• Part 3 – Are We Approaching a Cultural Tipping Point? (mp3) 14:53
    If the Integral worldview is now emerging as a new stage of human consciousness and culture, are we at some point going to see an integral cultural rennaissance such as we did in the late Sixties? If so, how do we get there?Ken Wilber offers his own thoughts, pointing out what is truly amazing about the rapid emergence of the Integral worldview, and why it’s so hard to predict when it will reach the fabled tipping point of 10% of the population.

Selected from http://integrallife.com/ken-wilber-dialogues/integrating-future 

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Aug 052012
 

My personal experience is that masculinity and femininity complement each other very nicely. I become exceptionally moody and morose without the company of women. In a mixed gathering, I prefer to be in the kitchen, behaving myself like a mouse in the corner, than with the men watching sports in the family room. And, I know that I really like being married and having a feminine woman as my best friend.

Further, while lurking near widows and divorced women, I have heard them confess that they “simply like having a man around.” It sounded as if, like me, the simple presence of someone of the other gender satisfied a palpably felt deficit.

The feminist Gloria Steinem famously asserted that, “A woman without a man is like a fish without a bicycle.” OMG! Didn’t Dr. Seuss put a fish riding a bicycle in his “One Fish, Two Fish, Red Fish, Blue Fish?” What a rascal he was! I’ve gotta look for that.

 

The way some men treat the women in their lives, one could believe that the women would truly be better off without them. In any event, there is often clearly room left for improvement in many relationships. My wife, Dianna, liked the sentiment of the poster, below, and brought it to my attention.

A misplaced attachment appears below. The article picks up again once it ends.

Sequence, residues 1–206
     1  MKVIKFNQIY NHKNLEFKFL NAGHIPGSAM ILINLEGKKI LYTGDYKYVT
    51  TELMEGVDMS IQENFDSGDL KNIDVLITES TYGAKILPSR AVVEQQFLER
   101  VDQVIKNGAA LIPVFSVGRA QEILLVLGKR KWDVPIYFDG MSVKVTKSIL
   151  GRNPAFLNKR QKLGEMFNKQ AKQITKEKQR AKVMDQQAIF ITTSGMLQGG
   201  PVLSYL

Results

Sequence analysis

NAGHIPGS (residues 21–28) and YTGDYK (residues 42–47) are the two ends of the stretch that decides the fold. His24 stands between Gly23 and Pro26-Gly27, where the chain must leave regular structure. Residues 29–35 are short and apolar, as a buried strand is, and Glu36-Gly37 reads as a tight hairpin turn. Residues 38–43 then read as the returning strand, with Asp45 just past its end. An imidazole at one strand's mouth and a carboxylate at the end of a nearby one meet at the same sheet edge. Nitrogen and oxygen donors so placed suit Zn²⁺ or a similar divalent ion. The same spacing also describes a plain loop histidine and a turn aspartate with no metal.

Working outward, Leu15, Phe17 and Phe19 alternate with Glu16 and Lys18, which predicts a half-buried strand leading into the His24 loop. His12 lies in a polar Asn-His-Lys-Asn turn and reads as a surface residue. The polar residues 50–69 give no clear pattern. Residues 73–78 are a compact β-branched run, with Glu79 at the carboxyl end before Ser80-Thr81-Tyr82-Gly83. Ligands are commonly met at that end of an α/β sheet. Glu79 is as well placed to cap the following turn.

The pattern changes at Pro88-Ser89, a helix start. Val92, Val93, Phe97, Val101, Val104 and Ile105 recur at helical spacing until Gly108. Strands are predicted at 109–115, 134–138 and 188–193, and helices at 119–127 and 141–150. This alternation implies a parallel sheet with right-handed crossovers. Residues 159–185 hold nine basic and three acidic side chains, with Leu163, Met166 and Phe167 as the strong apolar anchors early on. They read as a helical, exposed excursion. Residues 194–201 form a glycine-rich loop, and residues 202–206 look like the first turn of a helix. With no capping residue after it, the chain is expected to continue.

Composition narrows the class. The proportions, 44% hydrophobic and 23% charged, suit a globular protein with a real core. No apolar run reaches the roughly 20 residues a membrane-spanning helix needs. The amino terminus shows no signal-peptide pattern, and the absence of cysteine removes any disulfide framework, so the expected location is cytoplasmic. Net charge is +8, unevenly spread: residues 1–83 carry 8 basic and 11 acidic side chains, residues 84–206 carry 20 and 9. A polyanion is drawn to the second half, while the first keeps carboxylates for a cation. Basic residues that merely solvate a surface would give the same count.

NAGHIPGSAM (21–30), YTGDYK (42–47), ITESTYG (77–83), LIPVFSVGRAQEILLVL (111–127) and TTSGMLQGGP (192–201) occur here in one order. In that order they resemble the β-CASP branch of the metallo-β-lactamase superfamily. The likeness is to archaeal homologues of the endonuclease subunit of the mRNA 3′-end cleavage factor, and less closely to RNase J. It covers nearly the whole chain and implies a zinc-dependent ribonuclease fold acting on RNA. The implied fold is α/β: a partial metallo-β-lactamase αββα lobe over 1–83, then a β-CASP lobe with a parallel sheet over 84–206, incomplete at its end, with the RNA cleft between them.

The text reads: “We need to teach our DAUGHTERS the difference between a man who FLATTERS her and a man who COMPLIMENTS her. a man who SPENDS MONEY on her and a man who INVESTS in her. A man who views her as PROPERTY and a man who views her PROPERLY. a man who LUSTS after her and a man who LOVES her. A man who believes HE is GOD’s GIFT to women and a man who remembers a WOMAN was GOD’s GIFT to MAN and then teach OUR SONS to be that kind of man.”

Let me add the observation that the sentiment still tilts toward a sexist, patriarchal view of gender relations. I think that women are capable of being even more self-sufficient emotionally and physically. While I deeply treasure the satisfying bonds between men and women, I am sympathetic toward those with a radically-independent spirit.

Photo

In fact, the entire range of “conservative” thought tilts toward a sexist, patriarchal view of gender relations. Another way of saying this is George Lakoff’s observation that conservatives tend to have a “strong father” view of how families and governments should be run. Conservatives tend to look for, follow, and be loyal to their chosen authorities. It is very clear that “He’s the boss” or that the man of the house or the conservatively-elected president is “the decider.” On the other hand, the “liberal” tilt endorses a nurturing father, rather than a strict authoritarian.